Miller’s time at Forest was sadly marred by persistent injury, inconsistent and the views some members of the Reds faithful that he lacks the work rate expected of a frontman, particularly those raised on the endeavour of the tireless Gary Birtles in the early 1980′s. Incidentally Miller tweeted that he wasn’t too bothered what the fans thought, in slightly more colourful terms, an incident that cost him a fine and a ticking off from then boss Steve Cotterill who had replaced McClaren following the ex-Boro manager’s nondescript start on Trentside.
Miller had started well under McClaren, coming off the bench to good effect in a victory over Doncaster before playing an important role in a comeback from two goals down at home to Leicester as the Reds earned a fortunate home point against their near neighbours. His first goal came in the Carling Cup tie at Wycombe, during which he terrorised the home defence with a fine display of raw power and bustling pace. He won a first minute penalty in the game against hated rivals Derby County which saw opposing goalkeeper Frank Fielding red carded, only for the Trickies to let a one goal lead slip to the ten men as things turned sour.
He added goals away at Watford, a rare win, Burnley, a catatrosphic 5-1 drubbing and in the home game with Birmingham, the staggering capitulation that finally cost McClaren his job, arguably the game turning for the worst for Forest when Miller limped out of action with a hamstring problem. Three goals in the final ten-minutes spelt the end of Steve’s brief City Ground tenure.
Initially first-choice under Cotterill, persistent injuries saw his progress checked. He has made just three starts since the end of November, his last coming against Boro on Valentine’s Day when he was hauled off at half-time. He hasn’t appeared at all since March, although he did contribute a fine goal in a pre-season friendly at Burton Albion, however the arrival of Simon Cox was always to signal the exit for the £1.2 million pound man.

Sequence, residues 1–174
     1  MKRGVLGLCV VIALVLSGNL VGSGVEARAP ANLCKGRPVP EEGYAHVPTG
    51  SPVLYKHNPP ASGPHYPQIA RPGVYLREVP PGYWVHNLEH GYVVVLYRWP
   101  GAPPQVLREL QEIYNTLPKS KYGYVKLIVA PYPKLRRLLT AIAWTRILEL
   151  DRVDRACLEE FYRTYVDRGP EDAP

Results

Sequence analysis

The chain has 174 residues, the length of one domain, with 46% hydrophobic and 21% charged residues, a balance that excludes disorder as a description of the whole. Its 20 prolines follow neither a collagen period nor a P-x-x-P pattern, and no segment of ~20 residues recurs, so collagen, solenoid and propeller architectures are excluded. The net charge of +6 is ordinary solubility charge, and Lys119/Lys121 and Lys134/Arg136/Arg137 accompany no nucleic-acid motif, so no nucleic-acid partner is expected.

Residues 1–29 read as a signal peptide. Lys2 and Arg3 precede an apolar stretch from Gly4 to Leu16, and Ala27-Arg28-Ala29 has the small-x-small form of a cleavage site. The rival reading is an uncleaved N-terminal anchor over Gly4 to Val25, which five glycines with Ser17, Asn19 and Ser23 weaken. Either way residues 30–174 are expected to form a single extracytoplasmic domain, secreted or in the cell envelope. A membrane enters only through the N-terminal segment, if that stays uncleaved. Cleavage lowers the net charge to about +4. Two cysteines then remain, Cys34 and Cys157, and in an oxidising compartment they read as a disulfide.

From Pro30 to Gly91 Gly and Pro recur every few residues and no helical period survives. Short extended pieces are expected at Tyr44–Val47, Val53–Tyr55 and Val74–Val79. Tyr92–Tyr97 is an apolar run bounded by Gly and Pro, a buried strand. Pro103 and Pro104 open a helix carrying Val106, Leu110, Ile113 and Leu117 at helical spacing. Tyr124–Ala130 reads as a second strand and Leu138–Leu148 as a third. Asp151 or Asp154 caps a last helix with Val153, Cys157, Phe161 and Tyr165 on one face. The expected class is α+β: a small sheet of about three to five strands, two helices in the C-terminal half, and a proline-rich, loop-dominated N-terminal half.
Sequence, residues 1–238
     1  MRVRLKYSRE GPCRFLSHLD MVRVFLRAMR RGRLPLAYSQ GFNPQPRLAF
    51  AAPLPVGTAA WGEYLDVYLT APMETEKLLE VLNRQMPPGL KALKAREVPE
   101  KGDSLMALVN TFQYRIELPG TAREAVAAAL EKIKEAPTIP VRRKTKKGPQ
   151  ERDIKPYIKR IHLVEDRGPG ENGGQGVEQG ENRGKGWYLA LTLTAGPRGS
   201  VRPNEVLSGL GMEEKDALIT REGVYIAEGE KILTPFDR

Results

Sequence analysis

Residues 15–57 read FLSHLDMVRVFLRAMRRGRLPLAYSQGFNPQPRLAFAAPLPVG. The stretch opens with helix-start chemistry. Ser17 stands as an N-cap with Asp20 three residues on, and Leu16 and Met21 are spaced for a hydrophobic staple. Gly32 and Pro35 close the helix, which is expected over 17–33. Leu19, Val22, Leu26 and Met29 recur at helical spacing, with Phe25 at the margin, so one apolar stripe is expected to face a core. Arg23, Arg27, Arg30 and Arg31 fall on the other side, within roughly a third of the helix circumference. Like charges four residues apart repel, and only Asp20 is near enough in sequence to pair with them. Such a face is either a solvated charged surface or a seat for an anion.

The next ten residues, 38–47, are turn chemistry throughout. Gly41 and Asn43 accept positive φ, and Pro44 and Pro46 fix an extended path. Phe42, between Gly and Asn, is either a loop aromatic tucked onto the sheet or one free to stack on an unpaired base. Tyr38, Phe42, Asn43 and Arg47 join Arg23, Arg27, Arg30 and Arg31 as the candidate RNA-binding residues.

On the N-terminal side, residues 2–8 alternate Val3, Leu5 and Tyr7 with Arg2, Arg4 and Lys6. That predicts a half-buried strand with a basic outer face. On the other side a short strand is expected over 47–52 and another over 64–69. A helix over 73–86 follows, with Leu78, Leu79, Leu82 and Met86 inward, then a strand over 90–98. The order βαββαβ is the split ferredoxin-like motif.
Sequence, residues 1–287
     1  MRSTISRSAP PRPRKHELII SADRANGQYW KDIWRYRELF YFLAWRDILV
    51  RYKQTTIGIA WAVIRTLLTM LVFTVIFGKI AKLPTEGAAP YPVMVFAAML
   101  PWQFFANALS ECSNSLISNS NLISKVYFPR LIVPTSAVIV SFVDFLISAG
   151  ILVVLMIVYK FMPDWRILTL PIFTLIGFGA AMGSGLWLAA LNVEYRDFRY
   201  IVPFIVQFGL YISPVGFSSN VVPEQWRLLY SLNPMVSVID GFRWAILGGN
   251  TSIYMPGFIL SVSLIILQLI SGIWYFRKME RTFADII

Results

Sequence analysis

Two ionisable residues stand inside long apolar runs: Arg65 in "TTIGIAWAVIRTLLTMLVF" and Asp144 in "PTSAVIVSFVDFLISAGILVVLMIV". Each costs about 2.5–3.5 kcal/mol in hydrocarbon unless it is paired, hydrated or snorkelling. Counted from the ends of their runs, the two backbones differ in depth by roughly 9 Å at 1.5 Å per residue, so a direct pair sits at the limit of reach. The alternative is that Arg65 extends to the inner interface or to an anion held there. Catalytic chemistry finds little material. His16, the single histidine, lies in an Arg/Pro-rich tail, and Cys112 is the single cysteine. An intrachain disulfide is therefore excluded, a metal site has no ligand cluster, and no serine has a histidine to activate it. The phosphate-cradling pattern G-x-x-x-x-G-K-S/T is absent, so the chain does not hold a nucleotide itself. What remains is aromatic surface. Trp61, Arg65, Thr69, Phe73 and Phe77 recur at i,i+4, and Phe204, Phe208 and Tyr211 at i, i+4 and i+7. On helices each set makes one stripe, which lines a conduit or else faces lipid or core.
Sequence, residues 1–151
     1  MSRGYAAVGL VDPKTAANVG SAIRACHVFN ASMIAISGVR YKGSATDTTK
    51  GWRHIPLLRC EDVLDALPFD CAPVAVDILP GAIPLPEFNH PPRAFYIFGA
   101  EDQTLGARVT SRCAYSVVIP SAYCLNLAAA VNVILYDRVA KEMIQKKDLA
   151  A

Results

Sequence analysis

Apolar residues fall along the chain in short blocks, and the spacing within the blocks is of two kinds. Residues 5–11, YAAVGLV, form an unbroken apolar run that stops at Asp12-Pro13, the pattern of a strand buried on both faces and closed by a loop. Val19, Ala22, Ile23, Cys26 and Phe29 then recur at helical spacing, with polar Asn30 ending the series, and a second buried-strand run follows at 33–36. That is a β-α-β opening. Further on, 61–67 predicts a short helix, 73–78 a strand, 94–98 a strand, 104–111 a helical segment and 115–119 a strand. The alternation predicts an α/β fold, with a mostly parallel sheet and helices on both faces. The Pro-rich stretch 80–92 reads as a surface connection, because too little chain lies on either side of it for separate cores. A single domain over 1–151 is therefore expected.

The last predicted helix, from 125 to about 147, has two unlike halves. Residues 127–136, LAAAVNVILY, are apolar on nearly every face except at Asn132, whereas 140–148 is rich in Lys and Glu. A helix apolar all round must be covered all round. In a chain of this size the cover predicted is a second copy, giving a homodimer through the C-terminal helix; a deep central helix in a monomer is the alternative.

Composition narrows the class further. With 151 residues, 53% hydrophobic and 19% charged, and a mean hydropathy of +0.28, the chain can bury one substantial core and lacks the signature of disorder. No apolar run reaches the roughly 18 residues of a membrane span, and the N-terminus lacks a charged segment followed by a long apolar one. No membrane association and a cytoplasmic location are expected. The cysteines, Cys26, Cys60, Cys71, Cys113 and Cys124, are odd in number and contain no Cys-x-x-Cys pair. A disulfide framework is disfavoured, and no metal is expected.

A move to Teesside could be just the tonic, in Mowbray he has a manager who has put his faith in him before now and a fully-fit, firing Miller would be a handful for any Championship defence. Don’t bet against a Riverside renaissance for the Manchester-born nearly man.
BORO SIGN THE BRITISH INIESTA
Watching Josh, it seems as if he never gives the ball away. He always makes himself available and (if you hadn’t already guessed) I’ve been mesmerised by his wand of a left foot.
He’s got the gift of making things look easy, he was a key player in Chelsea’s FA Youth Cup winning team in 2010 and won the Young Player of the Year award in 2011.
He’s already a cult hero at the Bridge, despite only making a handful of appearances. It’s not surprising really, he’s one of the first youngsters threatening to establish himself in the first team since John Terry. We’re desperate to see him succeed.
He’s got plenty to prove. He spent the second half of last season away at Swansea, where his progress was stunted by the emergence of Gylfi Sigurdsson. He really needs a break – and we’re delighted that Boro have given an opportunity.
Many Chelsea fans will be watching plenty of Boro games in the coming months. Enjoy him for the first half of the season but don’t grow too attached. We’ll want him back!”
Oh, by the way, Josh is on Twitter: @JMcEachran20